Amanda Green

Wicked Witch

by Amanda Green

Released 2007
Ivan Records
Released 2007
Ivan Records
With her eclectic, fun, ethereal and confessional songwriting, Amanda Green takes you on a joyride.
NOTES
With her third album, South Florida musician Green has fully evolved from the smart purveyor of odd pop on Junk and Stuff and The Nineteen Hundreds to a singer-songwriter of dizzying skill and imagination. Accessible and yet mysterious all at once, Wicked Witch gives the lo-fi aesthetic a symphonic bloom. Ragged guitar tones, rounded piano strokes, ethereal noise and familiar chords all converge in a confessional, orchestrated rush.

The Wicked Witch package is illustrated with keepsakes
from Green's childhood, and the music often feels like a document of the struggle to grow up. On the opener Give It a Chance, her voice is a curious, distant flutter against a panoramic wall of sound: "Everything was so inviting/I was 15 years old." Green takes an empty-the-hope-chest approach both to composition and arrangement, as if digging through belongings to find the most poignant objects and assembling them in some highly symbolic order. So Many Ways wraps
a near obsessive love in waves of Wild Thing heavy guitar. Until the Morning walks through a gallery of changes, Beatlesque chords, echoes of ragtime and touches of psychedelia, all guided by Green's gently Vocoder-altered voice. Set alongside all these elaborate songs, Horseshoe is a curve, literally and figuratively, an unadorned piano ballad with a simple plea: "Can you keep me?"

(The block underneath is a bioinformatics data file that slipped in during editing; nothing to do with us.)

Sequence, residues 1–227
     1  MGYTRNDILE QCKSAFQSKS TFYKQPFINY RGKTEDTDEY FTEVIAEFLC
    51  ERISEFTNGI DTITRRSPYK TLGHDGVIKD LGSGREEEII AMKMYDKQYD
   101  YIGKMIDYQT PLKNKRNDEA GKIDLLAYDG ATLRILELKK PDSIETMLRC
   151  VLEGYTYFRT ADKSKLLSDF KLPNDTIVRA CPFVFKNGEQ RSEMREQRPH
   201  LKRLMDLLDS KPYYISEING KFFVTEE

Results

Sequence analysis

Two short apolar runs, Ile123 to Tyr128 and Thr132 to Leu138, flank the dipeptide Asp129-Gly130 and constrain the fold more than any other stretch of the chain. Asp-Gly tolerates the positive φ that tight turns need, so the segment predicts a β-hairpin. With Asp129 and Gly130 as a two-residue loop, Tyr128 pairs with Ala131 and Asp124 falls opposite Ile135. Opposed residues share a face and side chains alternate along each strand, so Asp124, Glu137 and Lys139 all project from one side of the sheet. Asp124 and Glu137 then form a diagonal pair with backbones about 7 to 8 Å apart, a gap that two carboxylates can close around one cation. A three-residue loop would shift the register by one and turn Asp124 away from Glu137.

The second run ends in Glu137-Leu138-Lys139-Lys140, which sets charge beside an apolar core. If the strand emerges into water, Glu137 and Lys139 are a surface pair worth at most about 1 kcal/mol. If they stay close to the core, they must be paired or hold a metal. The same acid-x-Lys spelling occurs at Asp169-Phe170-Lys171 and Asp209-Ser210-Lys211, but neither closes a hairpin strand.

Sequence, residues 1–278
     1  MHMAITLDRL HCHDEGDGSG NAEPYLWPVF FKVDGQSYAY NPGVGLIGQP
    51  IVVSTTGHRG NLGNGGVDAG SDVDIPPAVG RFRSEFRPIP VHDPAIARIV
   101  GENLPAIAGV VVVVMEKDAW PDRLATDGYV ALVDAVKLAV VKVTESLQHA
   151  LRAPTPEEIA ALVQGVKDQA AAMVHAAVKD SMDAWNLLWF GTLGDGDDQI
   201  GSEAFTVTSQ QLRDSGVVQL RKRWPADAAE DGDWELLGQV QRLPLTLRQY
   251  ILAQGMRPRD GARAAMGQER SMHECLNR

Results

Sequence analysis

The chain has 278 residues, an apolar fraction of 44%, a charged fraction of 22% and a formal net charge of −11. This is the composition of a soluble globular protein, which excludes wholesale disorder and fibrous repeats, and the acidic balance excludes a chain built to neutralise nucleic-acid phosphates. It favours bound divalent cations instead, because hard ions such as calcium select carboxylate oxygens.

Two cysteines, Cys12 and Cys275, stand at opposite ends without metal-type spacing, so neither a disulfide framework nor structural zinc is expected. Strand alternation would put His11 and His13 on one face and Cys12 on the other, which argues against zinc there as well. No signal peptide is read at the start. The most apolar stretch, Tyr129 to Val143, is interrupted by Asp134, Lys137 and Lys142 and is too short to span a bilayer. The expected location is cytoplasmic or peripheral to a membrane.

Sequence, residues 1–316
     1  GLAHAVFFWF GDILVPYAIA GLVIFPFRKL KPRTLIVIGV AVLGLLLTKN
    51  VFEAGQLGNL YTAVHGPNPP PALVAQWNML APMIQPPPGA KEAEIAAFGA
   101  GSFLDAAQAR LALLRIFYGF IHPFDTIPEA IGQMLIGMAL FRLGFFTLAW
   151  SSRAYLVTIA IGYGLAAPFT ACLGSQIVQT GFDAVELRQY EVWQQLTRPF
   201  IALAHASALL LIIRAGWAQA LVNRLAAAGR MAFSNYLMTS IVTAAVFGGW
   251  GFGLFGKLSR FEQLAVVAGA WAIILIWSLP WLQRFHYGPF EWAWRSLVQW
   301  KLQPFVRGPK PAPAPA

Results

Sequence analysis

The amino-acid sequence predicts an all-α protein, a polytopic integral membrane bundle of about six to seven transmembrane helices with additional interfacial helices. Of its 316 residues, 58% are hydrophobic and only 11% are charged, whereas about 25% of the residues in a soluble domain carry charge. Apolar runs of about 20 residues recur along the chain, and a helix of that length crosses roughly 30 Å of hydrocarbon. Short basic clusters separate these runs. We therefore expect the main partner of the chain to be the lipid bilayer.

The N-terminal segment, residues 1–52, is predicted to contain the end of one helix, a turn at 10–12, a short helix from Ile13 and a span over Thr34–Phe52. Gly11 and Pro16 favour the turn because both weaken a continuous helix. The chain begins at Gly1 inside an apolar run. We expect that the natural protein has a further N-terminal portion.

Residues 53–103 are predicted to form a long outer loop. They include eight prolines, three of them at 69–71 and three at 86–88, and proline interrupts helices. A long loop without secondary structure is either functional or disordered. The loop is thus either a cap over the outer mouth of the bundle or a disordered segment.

Where and where not to look for love is a recurring question here. The wry, shape-shifting Flashcube Palace warns against being too seduced by pop-star fairy tales
and closes the album with an adage: "Even Walt Disney has never been to Disney World." It's an apt conclusion, illustrated with a totem of childhood and balanced, like a lot of adults disabused of their illusions, between cynical humor and healthy reckoning

Wicked Witch comes with a companion disc, The "Ghost
Album," consisting entirely of Green's pensive solo piano compositions. It's an unnecessary but welcome flourish that takes the listener from Witch's Byzantine lair to a more
contemplative space where Green sounds equally at home.

Sean Piccoli - FT LAUDERDAL SUN SENTINEL